Putting strings on an acoustic guitar is a simple and easy task. The most common strings for a steel string acoustic guitar are phosphorous bronze, gauge 13 to 56. Any brand will do. In addition to a fresh set of strings, you'll need: Wire Cutters String Winder Small Bowl Guitar Tuner
Release String #6 from the Tuning Peg
It's important to only remove one string at a time, replacing it with a new string before moving on. First start with the thickest string, the low E, referred to as String #6.
Lay the guitar in your lap with the head stock pointing to the left. The tuning peg closest to you on the inside is the low E. To loosen, attach the string winder to the tuning peg and turn clockwise until you can remove the string completely from the tuning peg.
Release String #6 from the Bridge Pin
Next, use the notched side of string winder to carefully remove the corresponding bridge pin. Once the bridge pin pops out, set it aside in a small bowl so it doesn't roll away. Carefully remove the string from the bridge and discard.
Connect the New String to the Bridge
Unpack the new low E string and unwind it. Take the side with the metal nub and insert that in to the vacant hole in the bridge. Use the bridge pin to push the nub into the hole and lock it in place.
Attach the New String to the Tuning Peg
Twist the tuning peg until the receiving hole faces the bridge. Lay the string into the vacant nut groove and then slide the free end of the string through the tuning peg hole and pull it all the way through.
Create Slack for Tuning
Hold the loose end of the string with your left hand. With your right hand grab the middle of the string, right above the 12th fret, and lift it up 4 to 5 inches above the guitar neck. As you pull, you'll need to allow the string to slowly come back through that tuning peg hole, creating slack in the string for tuning purposes.
Crimp the String
Crimp the string at the tuning peg at a right angle bending the string outward, away from the headstock.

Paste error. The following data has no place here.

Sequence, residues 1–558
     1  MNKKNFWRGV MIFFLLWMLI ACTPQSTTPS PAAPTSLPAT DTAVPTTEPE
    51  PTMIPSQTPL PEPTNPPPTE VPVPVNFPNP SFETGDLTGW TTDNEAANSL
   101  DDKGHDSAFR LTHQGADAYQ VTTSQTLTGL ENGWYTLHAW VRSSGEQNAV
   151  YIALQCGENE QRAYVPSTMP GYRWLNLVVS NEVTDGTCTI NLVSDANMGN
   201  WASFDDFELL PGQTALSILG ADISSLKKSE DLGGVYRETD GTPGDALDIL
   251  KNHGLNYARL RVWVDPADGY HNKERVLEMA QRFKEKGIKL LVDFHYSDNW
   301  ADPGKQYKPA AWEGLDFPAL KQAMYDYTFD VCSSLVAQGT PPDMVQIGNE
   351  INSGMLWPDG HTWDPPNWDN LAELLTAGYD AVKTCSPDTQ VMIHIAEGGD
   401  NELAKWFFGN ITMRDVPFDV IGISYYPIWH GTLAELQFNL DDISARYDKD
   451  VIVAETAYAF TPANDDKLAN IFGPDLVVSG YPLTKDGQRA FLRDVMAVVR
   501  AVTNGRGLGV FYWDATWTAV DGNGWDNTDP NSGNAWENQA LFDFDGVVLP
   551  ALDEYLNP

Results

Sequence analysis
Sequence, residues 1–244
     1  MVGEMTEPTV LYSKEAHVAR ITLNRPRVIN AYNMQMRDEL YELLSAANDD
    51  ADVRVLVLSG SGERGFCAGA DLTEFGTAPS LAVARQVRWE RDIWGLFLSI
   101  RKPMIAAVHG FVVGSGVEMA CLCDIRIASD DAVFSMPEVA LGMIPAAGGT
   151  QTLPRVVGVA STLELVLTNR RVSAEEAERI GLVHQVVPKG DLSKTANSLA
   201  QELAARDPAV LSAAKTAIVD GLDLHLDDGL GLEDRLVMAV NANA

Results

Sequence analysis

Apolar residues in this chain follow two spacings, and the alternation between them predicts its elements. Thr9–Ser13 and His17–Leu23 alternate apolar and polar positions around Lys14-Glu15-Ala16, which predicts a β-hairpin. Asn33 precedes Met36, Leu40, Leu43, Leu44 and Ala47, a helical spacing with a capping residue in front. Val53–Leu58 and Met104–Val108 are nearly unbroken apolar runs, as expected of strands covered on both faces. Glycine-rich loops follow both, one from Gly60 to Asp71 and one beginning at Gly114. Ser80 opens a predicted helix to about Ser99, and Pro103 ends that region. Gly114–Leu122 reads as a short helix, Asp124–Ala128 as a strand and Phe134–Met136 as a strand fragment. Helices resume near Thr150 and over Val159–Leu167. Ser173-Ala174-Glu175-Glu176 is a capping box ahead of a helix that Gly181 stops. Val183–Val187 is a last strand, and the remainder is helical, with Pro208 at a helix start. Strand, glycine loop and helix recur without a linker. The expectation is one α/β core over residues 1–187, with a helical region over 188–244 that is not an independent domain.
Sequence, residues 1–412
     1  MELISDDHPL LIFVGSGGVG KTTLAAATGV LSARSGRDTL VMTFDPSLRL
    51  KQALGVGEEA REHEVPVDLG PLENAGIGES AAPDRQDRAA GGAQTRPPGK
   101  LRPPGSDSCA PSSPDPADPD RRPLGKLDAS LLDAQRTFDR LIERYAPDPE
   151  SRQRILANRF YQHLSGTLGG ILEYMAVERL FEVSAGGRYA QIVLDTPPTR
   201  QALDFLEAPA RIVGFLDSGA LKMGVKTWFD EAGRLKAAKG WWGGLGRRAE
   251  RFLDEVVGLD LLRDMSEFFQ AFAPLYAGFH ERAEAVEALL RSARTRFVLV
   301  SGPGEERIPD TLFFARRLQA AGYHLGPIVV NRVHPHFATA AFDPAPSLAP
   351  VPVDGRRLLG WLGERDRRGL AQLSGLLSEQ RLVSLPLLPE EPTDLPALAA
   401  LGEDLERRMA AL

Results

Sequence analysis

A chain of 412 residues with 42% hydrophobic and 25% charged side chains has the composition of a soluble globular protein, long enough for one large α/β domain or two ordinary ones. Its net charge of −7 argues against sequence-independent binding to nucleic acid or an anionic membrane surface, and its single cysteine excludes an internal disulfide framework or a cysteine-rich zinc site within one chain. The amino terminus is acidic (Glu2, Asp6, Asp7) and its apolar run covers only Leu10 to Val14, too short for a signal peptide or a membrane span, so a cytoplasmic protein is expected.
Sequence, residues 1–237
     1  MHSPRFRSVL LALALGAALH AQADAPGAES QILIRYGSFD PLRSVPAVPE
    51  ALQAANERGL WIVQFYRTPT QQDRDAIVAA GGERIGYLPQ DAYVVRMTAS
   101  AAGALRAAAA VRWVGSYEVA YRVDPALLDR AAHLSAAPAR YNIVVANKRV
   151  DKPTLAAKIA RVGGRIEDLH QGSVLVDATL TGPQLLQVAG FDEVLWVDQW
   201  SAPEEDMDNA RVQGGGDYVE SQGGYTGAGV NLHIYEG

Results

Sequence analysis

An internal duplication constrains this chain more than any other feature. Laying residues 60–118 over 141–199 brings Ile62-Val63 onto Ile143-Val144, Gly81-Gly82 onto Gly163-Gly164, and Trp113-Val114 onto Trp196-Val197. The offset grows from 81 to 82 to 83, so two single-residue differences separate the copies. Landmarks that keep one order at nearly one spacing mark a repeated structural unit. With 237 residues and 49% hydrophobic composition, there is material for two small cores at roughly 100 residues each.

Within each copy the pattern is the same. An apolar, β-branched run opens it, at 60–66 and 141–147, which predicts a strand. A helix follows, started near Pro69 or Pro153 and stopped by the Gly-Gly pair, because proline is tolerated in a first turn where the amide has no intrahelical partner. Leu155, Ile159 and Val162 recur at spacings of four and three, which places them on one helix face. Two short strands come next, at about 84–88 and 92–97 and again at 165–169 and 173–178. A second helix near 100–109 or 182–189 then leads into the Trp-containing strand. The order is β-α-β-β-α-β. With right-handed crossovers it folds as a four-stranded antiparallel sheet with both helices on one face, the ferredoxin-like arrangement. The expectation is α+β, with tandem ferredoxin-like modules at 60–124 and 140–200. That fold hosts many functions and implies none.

Tighten the String While Holding it in the Nut Groove
With your left hand, put the string winder on the tuning peg and turn counterclockwise, tightening the string. Use your right index finger to hold the string in the nut groove.
Cut Excess String with Wire Cutters
Once the string is fairly tight without slack, use the wire cutters to cut the excess string at the tuning peg.
Stretch and Tune the String
With the string locked in at the bridge and wound around the tuning peg, gently pull it away from the neck at the 12th fret to slightly stretch it out. Use the guitar tuner to tune the string to low E.
Repeat with Remainder Strings
Repeat the same instructions for strings 5 and 4.
Once done with the low strings, flip the guitar in your lap so that the head stock is on the right. Repeat steps 1 through 9, doing one string at time.
Once all the strings are replaced, tune your guitar one more time. Replacing those old dead sounding strings can truly add some zing to your string so enjoy the new bright sound.
Jonathan Grossman is a songwriter, TV composer/mixer. After graduating Cornell University in 1991 (BA, Music) he first toured the world with his band, Dogwood Moon, eventually landing in Los Angles to start his composing career. A husband and father of two, he created a children’s music project, Call Me A Nerd, which focuses on developing self-confidence and leadership skills for children K-5.